Great Scientists and their Inventions

Alexander Fleming (1881 – 1955.)

alexander fleming

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Alexander Fleming discovered penicillin, whose use has saved untold millions of lives. Less well-known is that before making this world-changing discovery, he had already made significant contributions to medical science.

Most Significant Contributions to Science

In 1914 World War 1 broke out and Fleming, aged 33, joined the army, becoming a captain in the Royal Army Medical Corps, working in field hospitals in France.

There, in a series of brilliant experiments, he established that antiseptic agents used to treat wounds and prevent infection were actually killing more soldiers than the infections were!

The antiseptics, such as carbolic acid, boric acid and hydrogen peroxide, were failing to kill bacteria deep in wounds; worse, they were in fact lowering the soldier’s natural resistance to infection because they were killing white blood cells.

Fleming demonstrated that antiseptic agents were only useful in treating superficial wounds, but were harmful when applied to deep wounds.

Almroth Wright believed that a saline solution – salt water – should be used to clean deep wounds, because this did not interfere with the body’s own defenses and in fact attracted white cells. Fleming proved this result in the field.

Wright and Fleming published their results, but most army doctors refused to change their ways, resulting in many preventable deaths.

Discovery of Lysozyme

In 1919 Fleming returned to research at St Mary’s Hospital Medical School in London. His wartime experience had firmly established his view that antibacterial agents should only be used if they worked with the body’s natural defences rather than against them; in particular, they must not harm white blood cells.

His first discovery of such an agent came in 1922, when he was 41 years old.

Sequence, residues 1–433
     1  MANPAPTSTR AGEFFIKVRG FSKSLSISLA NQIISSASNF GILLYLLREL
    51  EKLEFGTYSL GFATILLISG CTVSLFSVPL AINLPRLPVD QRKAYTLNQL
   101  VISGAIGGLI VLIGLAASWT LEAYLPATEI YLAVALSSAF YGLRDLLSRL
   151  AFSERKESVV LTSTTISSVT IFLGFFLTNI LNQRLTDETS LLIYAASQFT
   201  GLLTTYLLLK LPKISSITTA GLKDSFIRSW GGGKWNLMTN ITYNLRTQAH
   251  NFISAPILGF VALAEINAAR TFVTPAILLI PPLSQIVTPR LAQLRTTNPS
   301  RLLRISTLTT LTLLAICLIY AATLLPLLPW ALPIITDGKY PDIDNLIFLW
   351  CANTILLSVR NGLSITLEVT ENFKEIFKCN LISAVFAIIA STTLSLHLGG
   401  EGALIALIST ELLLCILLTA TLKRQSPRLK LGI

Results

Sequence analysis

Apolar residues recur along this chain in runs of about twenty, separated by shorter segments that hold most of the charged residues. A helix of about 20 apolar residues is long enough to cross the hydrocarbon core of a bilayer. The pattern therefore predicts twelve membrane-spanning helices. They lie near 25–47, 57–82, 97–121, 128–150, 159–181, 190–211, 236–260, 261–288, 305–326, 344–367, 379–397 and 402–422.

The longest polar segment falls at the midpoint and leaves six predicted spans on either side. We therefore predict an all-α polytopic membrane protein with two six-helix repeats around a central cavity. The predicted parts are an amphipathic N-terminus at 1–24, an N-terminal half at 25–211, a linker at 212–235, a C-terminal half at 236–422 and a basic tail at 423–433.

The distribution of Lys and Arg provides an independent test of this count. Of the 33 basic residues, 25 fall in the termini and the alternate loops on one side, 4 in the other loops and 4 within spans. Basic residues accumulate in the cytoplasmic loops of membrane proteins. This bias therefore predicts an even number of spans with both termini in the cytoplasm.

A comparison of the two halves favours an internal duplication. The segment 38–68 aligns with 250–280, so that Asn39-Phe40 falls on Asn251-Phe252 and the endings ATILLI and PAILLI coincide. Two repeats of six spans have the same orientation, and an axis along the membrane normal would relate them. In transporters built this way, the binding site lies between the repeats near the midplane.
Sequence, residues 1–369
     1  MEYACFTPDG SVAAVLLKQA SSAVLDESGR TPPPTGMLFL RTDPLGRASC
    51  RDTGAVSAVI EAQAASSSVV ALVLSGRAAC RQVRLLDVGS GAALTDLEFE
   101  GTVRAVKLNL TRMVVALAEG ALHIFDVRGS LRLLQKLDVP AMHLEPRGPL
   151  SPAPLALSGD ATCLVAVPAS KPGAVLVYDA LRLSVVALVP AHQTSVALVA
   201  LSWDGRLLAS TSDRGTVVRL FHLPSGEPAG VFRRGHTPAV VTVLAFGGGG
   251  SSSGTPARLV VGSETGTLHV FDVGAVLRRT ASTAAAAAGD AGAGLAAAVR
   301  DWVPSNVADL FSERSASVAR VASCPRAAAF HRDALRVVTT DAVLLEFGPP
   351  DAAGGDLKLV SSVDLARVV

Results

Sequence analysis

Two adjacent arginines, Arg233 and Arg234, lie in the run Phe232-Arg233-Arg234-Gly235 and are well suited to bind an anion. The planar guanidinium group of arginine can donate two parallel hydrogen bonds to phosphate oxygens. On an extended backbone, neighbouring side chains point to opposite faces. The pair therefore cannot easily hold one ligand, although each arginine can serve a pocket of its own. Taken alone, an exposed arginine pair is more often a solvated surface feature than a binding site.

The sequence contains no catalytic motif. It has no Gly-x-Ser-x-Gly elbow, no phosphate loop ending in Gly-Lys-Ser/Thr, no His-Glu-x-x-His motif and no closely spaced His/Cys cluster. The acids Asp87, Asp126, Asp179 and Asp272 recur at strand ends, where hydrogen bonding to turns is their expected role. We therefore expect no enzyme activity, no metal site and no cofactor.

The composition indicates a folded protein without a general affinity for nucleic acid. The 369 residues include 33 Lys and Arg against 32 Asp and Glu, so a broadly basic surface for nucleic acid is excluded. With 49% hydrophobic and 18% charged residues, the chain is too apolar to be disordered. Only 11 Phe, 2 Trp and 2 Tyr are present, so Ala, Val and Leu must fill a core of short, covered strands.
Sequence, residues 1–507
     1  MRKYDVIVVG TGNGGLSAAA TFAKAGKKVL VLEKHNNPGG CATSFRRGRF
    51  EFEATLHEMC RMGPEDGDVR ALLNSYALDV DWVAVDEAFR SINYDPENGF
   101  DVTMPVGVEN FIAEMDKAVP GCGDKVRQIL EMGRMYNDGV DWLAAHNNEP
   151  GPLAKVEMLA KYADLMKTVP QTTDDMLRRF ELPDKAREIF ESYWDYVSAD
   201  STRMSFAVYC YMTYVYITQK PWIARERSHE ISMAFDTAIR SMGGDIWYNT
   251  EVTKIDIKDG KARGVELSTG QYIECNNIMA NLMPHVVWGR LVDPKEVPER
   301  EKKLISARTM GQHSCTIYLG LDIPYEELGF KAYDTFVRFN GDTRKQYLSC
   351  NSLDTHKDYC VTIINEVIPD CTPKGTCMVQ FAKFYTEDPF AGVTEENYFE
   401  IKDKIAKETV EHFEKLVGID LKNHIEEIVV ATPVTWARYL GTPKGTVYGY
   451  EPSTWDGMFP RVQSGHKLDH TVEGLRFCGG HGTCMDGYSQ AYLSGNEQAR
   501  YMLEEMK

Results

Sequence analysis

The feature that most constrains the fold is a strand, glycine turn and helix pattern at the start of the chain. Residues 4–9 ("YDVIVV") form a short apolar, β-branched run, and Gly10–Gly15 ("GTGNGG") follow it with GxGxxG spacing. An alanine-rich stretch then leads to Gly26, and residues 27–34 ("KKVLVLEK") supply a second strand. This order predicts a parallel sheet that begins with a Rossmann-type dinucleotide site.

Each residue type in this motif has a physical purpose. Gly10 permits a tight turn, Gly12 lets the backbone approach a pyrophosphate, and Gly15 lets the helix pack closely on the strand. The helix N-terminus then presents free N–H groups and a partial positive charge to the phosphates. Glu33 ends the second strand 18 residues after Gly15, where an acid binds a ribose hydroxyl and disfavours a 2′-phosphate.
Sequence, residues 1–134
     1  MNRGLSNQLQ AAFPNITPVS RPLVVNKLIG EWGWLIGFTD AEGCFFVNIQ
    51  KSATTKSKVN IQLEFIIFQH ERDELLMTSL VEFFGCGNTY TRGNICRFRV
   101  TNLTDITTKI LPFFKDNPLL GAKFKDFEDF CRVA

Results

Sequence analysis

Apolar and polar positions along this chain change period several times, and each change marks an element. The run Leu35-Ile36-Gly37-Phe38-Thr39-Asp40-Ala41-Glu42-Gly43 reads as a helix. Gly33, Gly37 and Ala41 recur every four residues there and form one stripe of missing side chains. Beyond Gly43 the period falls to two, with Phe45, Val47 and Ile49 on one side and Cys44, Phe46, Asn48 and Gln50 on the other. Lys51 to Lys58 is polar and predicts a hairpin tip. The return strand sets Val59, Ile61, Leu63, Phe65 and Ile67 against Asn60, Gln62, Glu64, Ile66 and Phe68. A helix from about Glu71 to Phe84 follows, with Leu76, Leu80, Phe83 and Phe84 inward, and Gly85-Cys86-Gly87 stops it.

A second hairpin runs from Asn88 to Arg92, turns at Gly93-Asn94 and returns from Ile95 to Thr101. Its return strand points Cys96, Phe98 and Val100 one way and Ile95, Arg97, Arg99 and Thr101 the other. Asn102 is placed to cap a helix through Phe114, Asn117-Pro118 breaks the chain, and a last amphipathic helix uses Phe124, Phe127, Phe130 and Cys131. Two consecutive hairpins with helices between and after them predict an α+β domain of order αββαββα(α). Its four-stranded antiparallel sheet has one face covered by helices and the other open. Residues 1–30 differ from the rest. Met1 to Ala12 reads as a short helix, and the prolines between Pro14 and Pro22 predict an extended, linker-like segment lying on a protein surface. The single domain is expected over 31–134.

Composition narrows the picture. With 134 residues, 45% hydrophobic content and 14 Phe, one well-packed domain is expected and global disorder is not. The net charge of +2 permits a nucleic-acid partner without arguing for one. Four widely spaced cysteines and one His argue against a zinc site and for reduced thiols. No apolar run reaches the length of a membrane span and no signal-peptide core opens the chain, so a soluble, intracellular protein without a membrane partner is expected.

Fleming had taken secretions from inside the nose of a patient suffering from a head cold. He cultured the secretions to grow any bacteria that happened to be present. In the secretions, he discovered a new bacterium he called Micrococcus lysodeikticus, now called M luteus.

A few days later, Fleming was examining these bacteria. He himself was now suffering from a head cold, and a drop of mucus fell from his nose on to the bacteria. The bacteria in the area the drop had fallen were almost instantly destroyed. Always on the lookout for natural bacteria killers, this observation excited Fleming enormously.

He tested the effect of other fluids from the body, such as blood serum, saliva, and tears, on these bacteria and found that bacteria would not grow where a drop of one of these fluids had been placed.

Fleming discovered the common factor in the fluids was an enzyme.

He named his newly discovered enzyme lysozyme. The effect of lysozyme was to destroy certain types of microbe, rendering them harmless to people. The presence of lysozyme in our bodies prevents some potentially pathogenic microbes from causing us harm. It gives us natural immunity to a number of diseases.

However, lysozyme’s usefulness as a medicine is rather limited, because it has little or no effect on many other microbes that infect humans.